If we do not know that, we dwell in a reign of error indeed.

First Principles

The Great Fireworks Rebellion of 2020

It could be that the Fireworks Rebellion of 2020 was the shot heard ‘round the country that signaled the defenders of America are paying attention—and unwilling to tolerate much more.

If Donald Trump’s Independence Eve address at Mount Rushmore was a battle cry for the republic, millions of Americans seemingly joined forces with the president the next evening with their own sort of ammunition: fireworks.

Lockdown orders and “social distancing” decrees canceled official Fourth of July fireworks displays across the country—the latest in a long list of cruelties inflicted on the public to suffocate freedom and joy—but fed-up patriots from sea to shining sea were having none of it. 

Families and friends gathered in defiance of government bans on well-attended gatherings to celebrate our nation’s founding. Then, as the sun set, Americans lit up the skies with red, white, and blue bursts of pride in a not-so-subtle rebuke of leftist mobs intent on destroying our nation’s past, present, and future.

A news helicopter in Los Angeles captured one spectacular sight. Hundreds, maybe thousands, of pyrotechnics exploded above the city’s skyline in a loud, colorful middle finger to Mayor Eric Garcetti, who had closed public beaches and prohibited the use of fireworks as well as instructed his 4 million constituents not to congregate with anyone outside of their household in the futile fight to “stop” the spread of coronavirus. Angelenos responded by launching an “overwhelming” number, one reporter observed, of contraband fireworks; residents were warned not to call 911 to report the illegal celebrations because police couldn’t keep up.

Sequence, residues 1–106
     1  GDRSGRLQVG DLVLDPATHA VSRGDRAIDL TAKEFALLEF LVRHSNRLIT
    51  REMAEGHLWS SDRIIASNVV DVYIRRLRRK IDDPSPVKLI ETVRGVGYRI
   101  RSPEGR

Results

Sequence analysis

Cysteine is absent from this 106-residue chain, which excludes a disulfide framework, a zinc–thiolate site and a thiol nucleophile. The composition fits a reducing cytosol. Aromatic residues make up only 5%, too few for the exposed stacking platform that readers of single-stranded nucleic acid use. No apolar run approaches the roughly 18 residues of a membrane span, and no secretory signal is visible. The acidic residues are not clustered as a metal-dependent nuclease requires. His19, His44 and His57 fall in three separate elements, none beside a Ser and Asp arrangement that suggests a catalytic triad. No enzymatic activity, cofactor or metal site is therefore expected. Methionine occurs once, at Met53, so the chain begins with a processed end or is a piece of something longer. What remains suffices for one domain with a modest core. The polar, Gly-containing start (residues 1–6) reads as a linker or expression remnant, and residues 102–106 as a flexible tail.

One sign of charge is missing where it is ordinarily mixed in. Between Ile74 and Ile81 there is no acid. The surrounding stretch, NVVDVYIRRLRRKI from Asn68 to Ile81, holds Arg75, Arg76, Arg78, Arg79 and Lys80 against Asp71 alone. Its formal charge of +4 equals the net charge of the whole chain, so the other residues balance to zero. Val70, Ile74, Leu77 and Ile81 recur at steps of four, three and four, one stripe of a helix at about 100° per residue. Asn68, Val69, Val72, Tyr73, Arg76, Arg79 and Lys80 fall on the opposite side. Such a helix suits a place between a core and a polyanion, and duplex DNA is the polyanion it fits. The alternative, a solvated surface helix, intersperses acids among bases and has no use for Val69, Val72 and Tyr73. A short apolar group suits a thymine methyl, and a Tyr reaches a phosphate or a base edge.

Americans across the country acted similarly as social media accounts noted an uptick in fireworks activity from previous years. 

Fireworks stores and wholesalers reported unprecedented sales. One Indianapolis-based company reported a 300 percent increase in sales, leading to a “crazy, record-breaking year.” There was more anecdotal evidence: Singer Katy Perry tweeted that her 2012 song, “Firework,” was No. 33 on the iTunes hit list, its highest ranking in eight years.

Obviously, families and neighborhoods organized their own displays to replace banned community celebrations, but it also was a statement—the lovers of the country are not going to be silenced by the haters. 

For every sycophantic Facebook post honoring Black Lives Matter, there is a new handgun purchase or a new Tucker Carlson viewer or a new fireworks aficionado. The saboteurs in charge of Big Tech, Hollywood, and academia are running headlong into a growing counterinsurgency of regular Americans who won’t go down without a fight even if, for now, it’s in the form of colored roman candles. Silent skies and compliant citizens on July 4 would have been an ominous sign; instead, we let freedom ring.

The 2020 election won’t be a national debate about policy; it won’t center around the likeability of the major candidates or if a bleach-bit email server is a bigger disqualification for the Oval Office than a few failed marriages and an embarrassing tape recording from a decade ago. The election will determine whether we keep the country we have, or lose it to the powerful interests attempting to pull us asunder. 

Anyone paying attention knows that’s not hyperbole; the risk is real, and it’s not certain that another Trump term will be enough to delay what might be inevitable.